Paul Smith’s admiration of the heritage and idiosyncrasies of British tailoring is well documented – lesser known is a lifelong love affair with the Parisian art of haute couture. A regular attendee of the couture shows early in his career with his wife, Pauline Denyer, he counts Yves Saint Laurent’s final ‘Le Smoking’ jacket, an enduring emblem of the couturier’s work, as one of his most precious possessions.
It’s no coincidence, then, that when the designer made the decision to shift his womenswear show to Paris to be presented on the same catwalk as his menswear collection, the show would be held on the Sunday when the men’s and couture weeks cross over. It was a symbolic gesture. But the decision itself, to combine genders, to go ‘co-ed’ – one of the initial wave of designers to do so – proved that, even after close to four decades in the industry, the tenacious designer is unafraid to shake things up.
One year on Paul Smith will show his A/W18 collection this weekend, and it will come with another first – Malgosia Bela, the era-defining Polish model who featured in some of the most enduring fashion imagery of the 1990s, will be revealed as the face of the designer’s S/S18 campaign and the brand’s first female ambassador. It’s a smart choice – Bela is the insider’s model, much down to her reputation as fashion’s chameleon, named for her ability to slide between legendary campaigns – the cool 90s minimalism of David Sims-shot Jil Sander, all the way through to razor-haired glamazon for the house of Versace, and the lens of Steven Meisel.
Not that Bela is a pretty face alone – now 40, she has since added actress to her resume, starring in Luca Guadagnino’s re-make of Suspiria later this year, and, more recently, become the fashion editor-at-large of Condé Nast’s latest Vogue title, Vogue Poland.
Here, before the show, AnOther Magazine set Paul Smith and Malgosia Bela talking about a subject they know well – style.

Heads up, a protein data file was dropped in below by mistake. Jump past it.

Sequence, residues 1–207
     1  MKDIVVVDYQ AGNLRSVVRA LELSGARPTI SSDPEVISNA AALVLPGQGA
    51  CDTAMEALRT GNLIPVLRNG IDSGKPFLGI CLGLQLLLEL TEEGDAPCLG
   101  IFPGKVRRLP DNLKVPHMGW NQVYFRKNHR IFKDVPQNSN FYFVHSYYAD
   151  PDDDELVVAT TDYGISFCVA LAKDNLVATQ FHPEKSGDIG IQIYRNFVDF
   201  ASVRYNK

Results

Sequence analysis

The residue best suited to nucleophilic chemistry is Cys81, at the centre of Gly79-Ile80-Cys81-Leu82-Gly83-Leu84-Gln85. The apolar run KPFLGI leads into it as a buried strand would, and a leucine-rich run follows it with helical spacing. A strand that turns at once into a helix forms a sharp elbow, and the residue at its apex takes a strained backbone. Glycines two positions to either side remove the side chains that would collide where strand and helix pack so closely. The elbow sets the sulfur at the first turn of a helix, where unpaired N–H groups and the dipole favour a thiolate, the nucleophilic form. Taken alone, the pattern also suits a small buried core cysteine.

AnOther Magazine: What does style mean to you?
Paul Smith: It’s not about things you should or shouldn’t wear – style is something that is very natural and is a representation of your own personality as opposed to something that’s forced. It’s not something you can buy; it’s very much about an attitude. It can be the simplicity of something that we wear a lot – a white shirt or a navy blue suit, for example – as long as you do it with confidence.
Malgosia Bela: Style means to me the ability to translate someone’s personality into a certain way of looking. It’s a range of looks that somehow create a coherent vision of a person behind them – definitely a very subtle thing. Style isn’t for kids or for lost people; a person with style already knows who they are. That kind of confidence comes with age and life experience.
How do you approach getting dressed?
PS: I wear a suit more or less every day because it works for me. I rarely wear the same suit two days in a row – you could say it’s like a uniform. I think a well made, properly proportioned suit looks better on me than less formal clothes and I think that makes me feel more comfortable. I like all the pockets – I use a notepad and pen and always carry them in my inside pocket; the breast pocket is where I keep my specs; I carry a phone to take photos of things that inspire me; and I always have a handkerchief.
MB: Oh, I’ve relaxed about it... I used to have some visions about looking completely different and unexpected and now I simply know I’m just going to end up looking pretty much the same, in a masculine and elegant way. Big cleavage or mini skirt is never going to work! It’s a funny thing, because in editorial pictures, I’m quite proud to say, I manage to make almost everything look believable. In real life, however, especially after you hit a certain age, one must stick to their soul…